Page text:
MARKET REPORT: Barclays shares bear the brunt of financials' mauling

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The Independent Online
Financial shares, which led this year's blue-chips upsurge, suffered a savage mauling with Barclays, the banking group, displaying the most pronounced scars, falling 52p to 1,135p.

The arrival of Halifax was more stunning than even the most optimistic forecasts. In huge turnover, the shares roared to 776p, finishing at 734.5p.

Turnover, including the auction contribution, was a staggering 647.6 million shares, more than half the stock market turnover.

In recent months financial shares in general and banking shares in particular have enjoyed an exhilarating run, largely anticipating the arrival of converting building societies and the Norwich Union insurance group.

In a bid to retain their weightings in the financial sector many institutions have piled into the available shares, helping fuel the upsurge.

On the day they were able for the first time to get their hands on Halifax the rest of the sector went into sharp reverse. Many market men took the view it was a long overdue strike by market-makers, anxious to get stock on board.

There was also evidence of selling by some institutions to help pay for their auction buying of Halifax. None picked up shares below 711p and the average auction price was 732.5p. The 23 per cent of the capital sold by former members was rather more than some expected and a few institutions were able to cover their shortterm requirements.

Still the general view was the financial fall had been overdone. Alliance & Leicester and Halifax, as well as Norwich Union, are set for Footsie membership and institutional demand for the threesome's shares will not evaporate overnight.

Suggestions the Footsie steering committee, perturbed by the growing financial influence, is looking at ways to reshape the index are going the rounds. At the moment the committee has little discretion; sheer size is the main criteria.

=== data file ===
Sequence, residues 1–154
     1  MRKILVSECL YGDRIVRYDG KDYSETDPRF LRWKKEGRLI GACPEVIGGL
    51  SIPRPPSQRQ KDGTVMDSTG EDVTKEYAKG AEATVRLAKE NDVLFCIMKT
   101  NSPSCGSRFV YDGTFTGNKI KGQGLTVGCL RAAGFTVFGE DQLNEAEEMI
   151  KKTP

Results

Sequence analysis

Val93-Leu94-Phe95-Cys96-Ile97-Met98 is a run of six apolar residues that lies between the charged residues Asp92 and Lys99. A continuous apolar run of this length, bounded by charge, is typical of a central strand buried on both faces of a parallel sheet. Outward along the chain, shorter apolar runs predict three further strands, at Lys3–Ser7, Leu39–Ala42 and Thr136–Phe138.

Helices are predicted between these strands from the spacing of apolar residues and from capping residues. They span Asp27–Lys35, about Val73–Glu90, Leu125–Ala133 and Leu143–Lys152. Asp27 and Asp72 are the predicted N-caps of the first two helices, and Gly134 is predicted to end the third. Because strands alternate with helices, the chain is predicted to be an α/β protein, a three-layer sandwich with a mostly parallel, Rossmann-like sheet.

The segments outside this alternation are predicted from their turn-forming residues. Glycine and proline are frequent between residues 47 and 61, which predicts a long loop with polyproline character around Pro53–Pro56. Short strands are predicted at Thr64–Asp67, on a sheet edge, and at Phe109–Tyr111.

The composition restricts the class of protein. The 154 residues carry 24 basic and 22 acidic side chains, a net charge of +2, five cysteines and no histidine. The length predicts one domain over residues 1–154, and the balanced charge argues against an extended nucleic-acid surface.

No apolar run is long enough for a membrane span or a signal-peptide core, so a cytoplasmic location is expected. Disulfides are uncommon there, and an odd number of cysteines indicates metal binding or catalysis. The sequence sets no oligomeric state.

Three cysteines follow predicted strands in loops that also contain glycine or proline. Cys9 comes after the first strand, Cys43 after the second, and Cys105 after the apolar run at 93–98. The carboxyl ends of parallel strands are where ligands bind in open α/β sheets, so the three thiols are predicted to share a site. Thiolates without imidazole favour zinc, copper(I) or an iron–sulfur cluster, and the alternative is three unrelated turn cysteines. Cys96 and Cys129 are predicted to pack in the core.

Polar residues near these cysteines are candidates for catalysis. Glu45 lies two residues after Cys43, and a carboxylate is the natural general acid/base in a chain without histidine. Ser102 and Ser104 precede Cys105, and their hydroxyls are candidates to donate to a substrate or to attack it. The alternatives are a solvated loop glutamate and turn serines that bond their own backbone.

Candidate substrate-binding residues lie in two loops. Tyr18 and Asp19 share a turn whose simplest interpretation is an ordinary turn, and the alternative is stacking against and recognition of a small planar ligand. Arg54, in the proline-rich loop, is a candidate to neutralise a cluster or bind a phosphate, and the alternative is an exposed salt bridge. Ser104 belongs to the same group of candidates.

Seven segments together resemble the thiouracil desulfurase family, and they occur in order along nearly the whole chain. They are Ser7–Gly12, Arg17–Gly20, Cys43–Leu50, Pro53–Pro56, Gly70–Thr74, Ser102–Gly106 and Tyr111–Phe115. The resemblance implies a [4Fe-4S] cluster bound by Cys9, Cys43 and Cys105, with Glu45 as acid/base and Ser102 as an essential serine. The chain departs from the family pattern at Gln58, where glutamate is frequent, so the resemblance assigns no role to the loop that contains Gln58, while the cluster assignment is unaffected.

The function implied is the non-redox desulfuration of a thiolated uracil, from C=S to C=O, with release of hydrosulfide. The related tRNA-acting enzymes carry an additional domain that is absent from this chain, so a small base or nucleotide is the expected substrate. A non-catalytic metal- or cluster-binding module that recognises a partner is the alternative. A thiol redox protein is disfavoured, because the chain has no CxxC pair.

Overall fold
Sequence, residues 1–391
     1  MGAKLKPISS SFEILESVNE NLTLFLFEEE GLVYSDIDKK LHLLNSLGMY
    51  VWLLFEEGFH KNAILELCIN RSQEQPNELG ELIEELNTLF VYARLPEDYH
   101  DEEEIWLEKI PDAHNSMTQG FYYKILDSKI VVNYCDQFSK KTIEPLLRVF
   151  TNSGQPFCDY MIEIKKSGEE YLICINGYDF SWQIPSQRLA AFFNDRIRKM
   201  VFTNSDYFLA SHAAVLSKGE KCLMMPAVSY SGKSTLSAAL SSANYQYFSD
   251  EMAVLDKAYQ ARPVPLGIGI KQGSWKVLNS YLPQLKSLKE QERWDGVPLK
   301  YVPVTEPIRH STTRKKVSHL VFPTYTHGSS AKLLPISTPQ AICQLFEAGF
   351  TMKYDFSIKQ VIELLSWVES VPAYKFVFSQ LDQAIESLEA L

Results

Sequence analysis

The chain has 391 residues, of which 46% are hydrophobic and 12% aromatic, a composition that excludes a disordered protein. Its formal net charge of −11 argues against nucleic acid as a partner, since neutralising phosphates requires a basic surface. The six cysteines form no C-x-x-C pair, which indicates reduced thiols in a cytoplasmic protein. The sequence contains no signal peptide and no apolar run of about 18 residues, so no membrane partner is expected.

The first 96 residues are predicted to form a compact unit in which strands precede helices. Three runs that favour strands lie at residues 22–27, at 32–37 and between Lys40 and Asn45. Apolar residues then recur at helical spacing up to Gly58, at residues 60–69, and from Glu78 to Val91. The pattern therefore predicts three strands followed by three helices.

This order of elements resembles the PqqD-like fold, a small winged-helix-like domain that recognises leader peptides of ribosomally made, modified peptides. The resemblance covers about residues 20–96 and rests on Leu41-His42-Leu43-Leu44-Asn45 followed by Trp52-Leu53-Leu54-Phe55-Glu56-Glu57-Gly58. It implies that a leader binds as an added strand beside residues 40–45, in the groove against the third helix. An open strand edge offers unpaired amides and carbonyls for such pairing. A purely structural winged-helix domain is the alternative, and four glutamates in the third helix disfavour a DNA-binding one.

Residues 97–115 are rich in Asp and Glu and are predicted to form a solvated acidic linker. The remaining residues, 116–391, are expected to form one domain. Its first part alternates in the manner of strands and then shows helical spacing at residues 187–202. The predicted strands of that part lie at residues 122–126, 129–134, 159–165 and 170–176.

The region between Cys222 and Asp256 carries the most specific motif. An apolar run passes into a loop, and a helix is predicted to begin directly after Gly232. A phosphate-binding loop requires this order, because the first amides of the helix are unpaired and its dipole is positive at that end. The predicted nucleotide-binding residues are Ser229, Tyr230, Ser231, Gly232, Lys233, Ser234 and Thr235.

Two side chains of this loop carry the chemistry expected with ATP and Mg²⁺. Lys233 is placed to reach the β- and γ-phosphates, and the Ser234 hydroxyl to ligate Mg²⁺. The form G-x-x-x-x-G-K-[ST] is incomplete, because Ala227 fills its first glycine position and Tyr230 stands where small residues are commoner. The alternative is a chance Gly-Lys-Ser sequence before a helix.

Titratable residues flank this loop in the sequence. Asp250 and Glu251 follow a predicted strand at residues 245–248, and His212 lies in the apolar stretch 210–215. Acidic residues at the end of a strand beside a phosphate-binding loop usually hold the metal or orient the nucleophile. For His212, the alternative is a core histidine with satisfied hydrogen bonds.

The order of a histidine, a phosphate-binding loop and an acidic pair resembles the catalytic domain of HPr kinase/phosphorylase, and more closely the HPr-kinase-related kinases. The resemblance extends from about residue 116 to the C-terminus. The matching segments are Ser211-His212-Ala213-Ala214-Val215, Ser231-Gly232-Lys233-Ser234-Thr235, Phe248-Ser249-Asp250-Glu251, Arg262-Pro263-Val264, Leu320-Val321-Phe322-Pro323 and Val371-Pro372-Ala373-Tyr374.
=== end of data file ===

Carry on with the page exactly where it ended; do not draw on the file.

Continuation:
One idea is Footsie should mirror much more closely the old FT30 index, the main equities measurement until being replaced. When the FT30 ruled the roost the then selection committee could pick and choose the constituents to give the index what they considered a representative appeal.

Barclays did not suffer alone. Mercury Asset Management lost 94p to 1,344p; Legal & General 22.5p to 418.5p and Lloyds TSB 30.5p to 583.5p.

The alleged and now seemingly abandoned National Westminster Bank approach to the first building society to convert, Abbey National, was regarded as an unsettling influence. Abbey fell 33p to 847.5p and NatWest 20p to 724.5p.

The financial shake-out was largely responsible for Footsie's 58.5 points slump to 4,562.8, the first time it has fallen below 4,600 for nearly a month. It has lost 109.5 points in two trading days.

Dividend payments stripped 5.5 points from the calculation with National Power and PowerGen among the casualties. The selection of a Budget Day, 2 July, was another unsettling influence.

In the early Halifax euphoria it had looked as though Footsie could be in for another record run. In early trading the index was up 24.4 points but ran out of steam within minutes. By late afternoon if was off 71.8.

Ladbroke cantered through the gloom, gaining 9p to 239p to record the best blue chip advance. Turnover was brisk with hopes Hilton Hotels Corporation may be picking up its allotted 5 per cent interest. An analysts visit due tomorrow also stirred interest.

Scottish Media, confirming it is in talks to buy Grampian Television, rose 15p to 690p. Grampian jumped 40p to 302.5p. CE Health, the insurance broker, jumped 29.5p to 131.5p. Late on Friday it disclosed, after a sharp gain, a management buy-out was in the offing.

Ronson, the luxury goods group, slumped to a 14p low as guiding force Howard Hodgson quit and the group warned losses would be around pounds 2m against earlier indications of up to pounds 1m.

Geest, the convenience food group which remains independent despite talk it is a sitting duck for a takeover strike, fell 3p to 287.5p. It is meeting analysts and fund managers today and tomorrow.

Incepta, the marketing group, held at 19.75p. Talks to take over rival Lopex ended last week. But Incepta said it felt the "interests of Lopex shareholders have not been best served by the early termination of talks". Lopex, where Incepta has an 11 per cent stake, rose 1p to 33p.

Halifax was not the only newcomer. Topps Tiles, placed at 100p, closed at 111.5p.

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